Having a baby, I anticipated some physical changes: my boobs got bigger, my hips grew wider, and my vagina briefly resembled a war zone. What I didn’t expect were the mental changes that accompanied the birth of my first child.

Both my midwife and OB warned me about baby brain, a condition that leaves pregnant and postnatal women feeling forgetful and foggy. They suggested that if I felt out of sorts mentally, I shouldn’t panic because “it’s totally normal.” To be honest, I didn’t think much about baby brain until I was in the throes of it. At best, I’d leave my diaper bag at home and have to turn the car around. At worst, I couldn’t remember the word for doorknob. (I just kept referring to it as the thing on the door you twist to get inside the house.) I didn’t feel like I was out of sorts — I felt like I was losing my mind.

Little is known about the effects of pregnancy on the brain, but as interest in the subject grows neurologists find themselves debating whether or not baby brain exists at all. A 2015 study out of Brigham Young University suggests baby brain is imagined. Controlled tests showed that when it comes to memory, attention, learning, organizational, and spatial skills, pregnant and postpartum women performed as well as their non-gestating counterparts. What differed among the two groups was how the pregnant and postnatal women felt they did during testing: they simply assumed they weren’t doing that well. I read the BYU study and felt dejected. Was my absentmindedness actually just a lack of confidence, or did giving birth knock some screws loose?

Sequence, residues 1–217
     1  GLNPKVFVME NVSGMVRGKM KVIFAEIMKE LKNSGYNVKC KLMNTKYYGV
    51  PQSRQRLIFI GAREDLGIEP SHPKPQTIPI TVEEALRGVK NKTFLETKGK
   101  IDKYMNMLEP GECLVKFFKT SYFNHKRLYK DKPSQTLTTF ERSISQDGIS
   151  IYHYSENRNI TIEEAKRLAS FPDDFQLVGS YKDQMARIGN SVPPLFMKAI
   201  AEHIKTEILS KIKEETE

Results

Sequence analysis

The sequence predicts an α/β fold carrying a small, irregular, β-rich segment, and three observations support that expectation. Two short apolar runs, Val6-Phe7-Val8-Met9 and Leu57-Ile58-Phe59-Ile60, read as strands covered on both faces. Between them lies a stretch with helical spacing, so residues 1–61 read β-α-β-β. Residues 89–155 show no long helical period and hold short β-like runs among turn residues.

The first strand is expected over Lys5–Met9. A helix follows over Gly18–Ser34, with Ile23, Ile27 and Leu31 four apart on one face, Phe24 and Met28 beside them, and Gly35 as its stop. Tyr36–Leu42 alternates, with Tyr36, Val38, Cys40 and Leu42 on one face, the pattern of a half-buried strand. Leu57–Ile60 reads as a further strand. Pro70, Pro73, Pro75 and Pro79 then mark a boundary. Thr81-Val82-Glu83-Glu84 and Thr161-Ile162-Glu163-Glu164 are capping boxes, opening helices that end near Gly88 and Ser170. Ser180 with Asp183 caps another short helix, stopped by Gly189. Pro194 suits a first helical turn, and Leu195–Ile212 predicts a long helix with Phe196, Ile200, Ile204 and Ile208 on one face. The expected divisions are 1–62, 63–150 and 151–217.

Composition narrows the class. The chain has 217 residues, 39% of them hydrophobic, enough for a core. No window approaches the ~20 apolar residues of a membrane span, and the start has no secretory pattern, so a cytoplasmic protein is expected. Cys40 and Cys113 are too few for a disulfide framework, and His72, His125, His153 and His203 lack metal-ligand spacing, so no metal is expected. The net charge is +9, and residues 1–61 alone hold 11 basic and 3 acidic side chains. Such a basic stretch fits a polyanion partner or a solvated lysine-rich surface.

I didn’t feel like I was out of sorts — I felt like I was losing my mind.

I finally found the answers I was looking for when I read a new study published in Nature Neuroscience that proves pregnancy changes human brain structure. And get this: those changes could last up to two years! High resolution brain scans of 25 women — taken pre- and then post-conception — showed a reduction of gray matter that may be a result of hormonal surges that occur during pregnancy. The reworking of gray matter occurred in areas of the brain that are involved in social processes, giving women a heightened ability to recognize the needs of their children. Changes also occurred in the hippocampus, a region of the brain associated with memory. The more pronounced the changes, the stronger the women’s responses were to their babies postpartum.

Hopefully this unique, unprecedented study sparks more discussions about the legitimacy of baby brain. All I know is I’ve never been more relieved to find out I was literally losing my mind.

Samantha Cipriano is a writer, editor, and mother. Loves include snacking, traveling, and the Oxford comma. She’s widely regarded as the Steph Curry of power naps.